Reuse and automated formatting are the most common justifications for XML, but recently, we have heard a new reason from several customers: rebranding.
It’s a common scenario: The organization you work for gets acquired (and renamed), has a new branding campaign (new logo, new name), changes its location (new address), or spins off your division (new everything).
In traditional layout files, this can result in a huge rebranding effort. You end up having to change the copyright pages, headers and footers, inline references to the company name and product names, and so on. Good templates help, but someone still has to open each file, apply the new settings, and regenerate the output.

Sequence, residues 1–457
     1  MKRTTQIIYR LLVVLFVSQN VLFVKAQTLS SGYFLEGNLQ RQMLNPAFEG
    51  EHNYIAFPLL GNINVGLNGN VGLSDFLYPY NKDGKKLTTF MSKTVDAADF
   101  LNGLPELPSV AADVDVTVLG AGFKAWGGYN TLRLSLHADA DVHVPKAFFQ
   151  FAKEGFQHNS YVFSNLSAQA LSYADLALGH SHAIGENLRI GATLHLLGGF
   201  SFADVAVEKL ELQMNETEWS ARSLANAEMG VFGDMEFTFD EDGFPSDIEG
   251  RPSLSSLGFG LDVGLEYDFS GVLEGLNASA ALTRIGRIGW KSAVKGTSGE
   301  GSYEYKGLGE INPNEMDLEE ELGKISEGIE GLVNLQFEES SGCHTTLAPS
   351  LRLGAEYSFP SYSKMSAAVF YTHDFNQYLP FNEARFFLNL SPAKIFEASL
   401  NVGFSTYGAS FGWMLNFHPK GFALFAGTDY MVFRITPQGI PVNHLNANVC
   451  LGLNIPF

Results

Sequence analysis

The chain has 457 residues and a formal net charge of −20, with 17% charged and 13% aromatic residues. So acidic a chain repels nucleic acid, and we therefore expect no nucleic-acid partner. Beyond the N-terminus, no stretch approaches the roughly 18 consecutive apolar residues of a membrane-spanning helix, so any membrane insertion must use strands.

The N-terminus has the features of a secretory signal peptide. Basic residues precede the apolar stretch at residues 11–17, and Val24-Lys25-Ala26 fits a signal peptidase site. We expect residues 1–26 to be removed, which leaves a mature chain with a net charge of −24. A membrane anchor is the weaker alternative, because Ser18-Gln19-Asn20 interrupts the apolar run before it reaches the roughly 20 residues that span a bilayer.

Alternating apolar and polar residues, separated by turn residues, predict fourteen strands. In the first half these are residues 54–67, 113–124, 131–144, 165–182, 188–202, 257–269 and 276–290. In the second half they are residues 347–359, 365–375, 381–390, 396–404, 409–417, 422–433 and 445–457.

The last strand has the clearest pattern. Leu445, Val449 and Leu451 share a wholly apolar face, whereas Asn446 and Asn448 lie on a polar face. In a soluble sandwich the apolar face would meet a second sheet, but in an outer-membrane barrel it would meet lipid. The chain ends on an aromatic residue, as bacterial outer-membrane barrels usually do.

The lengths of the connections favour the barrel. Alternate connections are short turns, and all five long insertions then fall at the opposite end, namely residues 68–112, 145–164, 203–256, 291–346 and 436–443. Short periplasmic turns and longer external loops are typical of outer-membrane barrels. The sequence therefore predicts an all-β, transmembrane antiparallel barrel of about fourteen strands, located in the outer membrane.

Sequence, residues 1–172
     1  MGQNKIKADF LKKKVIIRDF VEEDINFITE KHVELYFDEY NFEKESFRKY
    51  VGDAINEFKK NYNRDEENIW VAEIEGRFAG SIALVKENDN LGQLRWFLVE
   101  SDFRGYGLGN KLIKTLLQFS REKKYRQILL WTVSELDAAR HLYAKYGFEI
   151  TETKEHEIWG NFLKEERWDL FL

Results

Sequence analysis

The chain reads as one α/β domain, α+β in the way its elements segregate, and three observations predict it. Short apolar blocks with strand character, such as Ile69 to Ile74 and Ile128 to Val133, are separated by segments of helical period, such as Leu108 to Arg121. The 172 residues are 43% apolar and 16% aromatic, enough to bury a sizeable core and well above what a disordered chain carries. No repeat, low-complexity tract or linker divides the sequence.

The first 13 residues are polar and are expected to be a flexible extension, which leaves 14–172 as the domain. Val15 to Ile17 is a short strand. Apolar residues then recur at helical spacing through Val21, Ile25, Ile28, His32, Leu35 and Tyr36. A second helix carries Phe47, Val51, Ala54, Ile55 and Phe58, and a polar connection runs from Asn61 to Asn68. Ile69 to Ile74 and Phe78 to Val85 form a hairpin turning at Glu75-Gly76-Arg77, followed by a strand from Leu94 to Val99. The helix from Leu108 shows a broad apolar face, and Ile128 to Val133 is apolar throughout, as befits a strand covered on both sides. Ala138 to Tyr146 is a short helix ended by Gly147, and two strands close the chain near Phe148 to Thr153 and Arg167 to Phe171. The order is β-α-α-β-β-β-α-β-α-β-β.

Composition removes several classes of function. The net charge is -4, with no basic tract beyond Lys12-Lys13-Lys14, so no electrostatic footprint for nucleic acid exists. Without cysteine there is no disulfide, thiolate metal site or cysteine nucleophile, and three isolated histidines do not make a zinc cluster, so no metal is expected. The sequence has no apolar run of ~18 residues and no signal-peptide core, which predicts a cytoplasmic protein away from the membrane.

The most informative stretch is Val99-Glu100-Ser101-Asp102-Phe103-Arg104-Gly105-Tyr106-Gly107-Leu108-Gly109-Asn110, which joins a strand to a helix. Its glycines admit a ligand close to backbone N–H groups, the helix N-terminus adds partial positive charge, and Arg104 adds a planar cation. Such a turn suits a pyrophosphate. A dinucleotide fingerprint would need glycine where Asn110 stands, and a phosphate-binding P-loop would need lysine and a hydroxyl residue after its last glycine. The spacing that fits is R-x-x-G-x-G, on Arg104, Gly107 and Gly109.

If the files are less than completely consistent, applying templates can be problematic. The effort to make these changes can be shockingly high, especially if your content is subject to any sort of regulatory approval.
In several recent cases, our clients have calculated that the cost of minor formatting updates (which require extensive manual intervention) is comparable to the cost of converting the files to XML. So the solution to the problem of changing the logo is to move the content to XML and use automated formatting.
Given the assumption that there will be similar changes in the future, it’s a sound investment.